Stevia - what makes it different?

Stevia (http://www.stevia.com)  is a healthy alternative to sugar. What sets it apart from other sugar substitutes though? What makes it safer to consume? We've pulled from a few different resources to help explain why we allow Stevia in our total health challenge but no other sugar substitutes (including honey and maple syrup.) 

** as always, consume in moderation. even Stevia.

"Stevia is perhaps unique among food ingredients because it's most valued for what it doesn't do. It doesn't add calories. Unlike other sugar substitutes, stevia is derived from a plant. 

A 2010 study in the journal Appetite tested several artificial sweeteners against sugar and each other in 19 lean people and 12 obese people. The study found people did not overeat after consuming a meal made with stevia instead of sugar. Their blood sugar was lower after a meal made with stevia than after eating a meal with sugar, and eating food with stevia resulted in lower insulin levels than eating either sucrose and aspartame." (Learn more at http://www.livescience.com/39601-stevia-facts-safety.html)

"Sucrose, whose main element is sucralose, is found in Splenda and other sweeteners. In a recent study, researchers at the Washington University School of Medicine in St. Louis found that when non-diabetic, severely obese participants drank sucralose, their blood sugar rose and their insulin levels increased by nearly 20 percent."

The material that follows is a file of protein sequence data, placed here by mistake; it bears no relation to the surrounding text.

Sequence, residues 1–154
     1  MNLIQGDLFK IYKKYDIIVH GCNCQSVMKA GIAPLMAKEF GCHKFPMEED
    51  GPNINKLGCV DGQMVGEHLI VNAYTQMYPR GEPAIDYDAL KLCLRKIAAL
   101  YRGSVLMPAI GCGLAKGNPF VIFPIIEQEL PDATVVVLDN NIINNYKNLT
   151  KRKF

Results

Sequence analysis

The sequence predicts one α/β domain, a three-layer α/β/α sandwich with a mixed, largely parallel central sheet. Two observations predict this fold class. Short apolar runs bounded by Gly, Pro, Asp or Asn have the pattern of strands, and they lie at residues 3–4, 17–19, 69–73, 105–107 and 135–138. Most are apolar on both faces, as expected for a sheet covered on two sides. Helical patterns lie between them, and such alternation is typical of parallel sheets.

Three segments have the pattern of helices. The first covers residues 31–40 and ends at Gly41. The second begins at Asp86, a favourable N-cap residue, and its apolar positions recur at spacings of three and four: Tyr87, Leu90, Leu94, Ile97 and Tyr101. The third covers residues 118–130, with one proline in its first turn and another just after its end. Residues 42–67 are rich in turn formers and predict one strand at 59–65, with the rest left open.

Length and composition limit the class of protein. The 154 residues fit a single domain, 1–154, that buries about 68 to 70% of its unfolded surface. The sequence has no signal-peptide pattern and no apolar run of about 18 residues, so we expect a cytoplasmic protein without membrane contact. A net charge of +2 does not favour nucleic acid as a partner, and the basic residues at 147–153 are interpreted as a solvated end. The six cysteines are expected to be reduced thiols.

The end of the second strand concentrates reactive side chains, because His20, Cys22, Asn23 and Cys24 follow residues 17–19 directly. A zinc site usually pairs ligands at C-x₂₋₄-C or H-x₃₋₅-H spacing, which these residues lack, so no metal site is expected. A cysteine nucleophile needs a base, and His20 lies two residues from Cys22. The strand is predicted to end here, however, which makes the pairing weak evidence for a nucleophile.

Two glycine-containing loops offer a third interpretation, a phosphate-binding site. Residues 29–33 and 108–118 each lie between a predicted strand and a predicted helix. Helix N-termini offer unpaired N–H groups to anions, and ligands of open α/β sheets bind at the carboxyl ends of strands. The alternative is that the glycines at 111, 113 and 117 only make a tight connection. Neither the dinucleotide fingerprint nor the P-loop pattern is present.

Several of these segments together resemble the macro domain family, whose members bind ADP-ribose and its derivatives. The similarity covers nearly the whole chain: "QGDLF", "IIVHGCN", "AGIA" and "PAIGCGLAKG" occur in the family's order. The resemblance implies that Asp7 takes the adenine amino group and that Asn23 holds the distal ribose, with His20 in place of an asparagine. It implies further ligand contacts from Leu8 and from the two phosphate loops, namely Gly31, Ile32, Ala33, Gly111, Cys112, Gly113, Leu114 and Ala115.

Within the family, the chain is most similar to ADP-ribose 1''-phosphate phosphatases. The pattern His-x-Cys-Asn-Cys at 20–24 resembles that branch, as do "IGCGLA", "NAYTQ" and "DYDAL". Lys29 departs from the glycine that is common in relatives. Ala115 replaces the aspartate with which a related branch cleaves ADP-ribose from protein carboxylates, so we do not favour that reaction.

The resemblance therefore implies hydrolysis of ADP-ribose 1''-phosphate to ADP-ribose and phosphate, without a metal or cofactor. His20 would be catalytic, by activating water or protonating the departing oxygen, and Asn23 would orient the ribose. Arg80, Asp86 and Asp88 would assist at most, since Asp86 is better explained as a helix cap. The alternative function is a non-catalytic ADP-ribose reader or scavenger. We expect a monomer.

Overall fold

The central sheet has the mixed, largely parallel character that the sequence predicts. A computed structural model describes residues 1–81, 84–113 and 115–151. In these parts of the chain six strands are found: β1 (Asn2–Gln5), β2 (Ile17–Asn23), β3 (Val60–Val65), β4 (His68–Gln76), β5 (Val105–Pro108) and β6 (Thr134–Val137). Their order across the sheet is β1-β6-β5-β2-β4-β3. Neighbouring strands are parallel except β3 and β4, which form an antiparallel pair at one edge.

Saccharin (found in Sweet N Low) and Aspartame (found in Equal and Nutrisweet) have also been found to negatively affect the body. (http://www.marketwatch.com/story/stevia-a-safe-natural-alternative-to-sugar-and-artificial-sweeteners-2013-10-22?reflink=MW_news_stmp)

Honey, though it contains vitamins and minerals, is not allowed in our total health challenge because it is can raise your blood sugar and spike insulin. 

Maple Syrup, though not listed as a "no" ingredient is also not allowed in our total health challenge because it too like honey will raise your blood sugar. Here's an interesting article about that. (https://authoritynutrition.com/maple-syrup/)

 

Here is an another article for reference explaining some differences between Stevia, Honey and other sweeteners. (http://bodyecology.com/articles/which_are_good_sweeteners.php)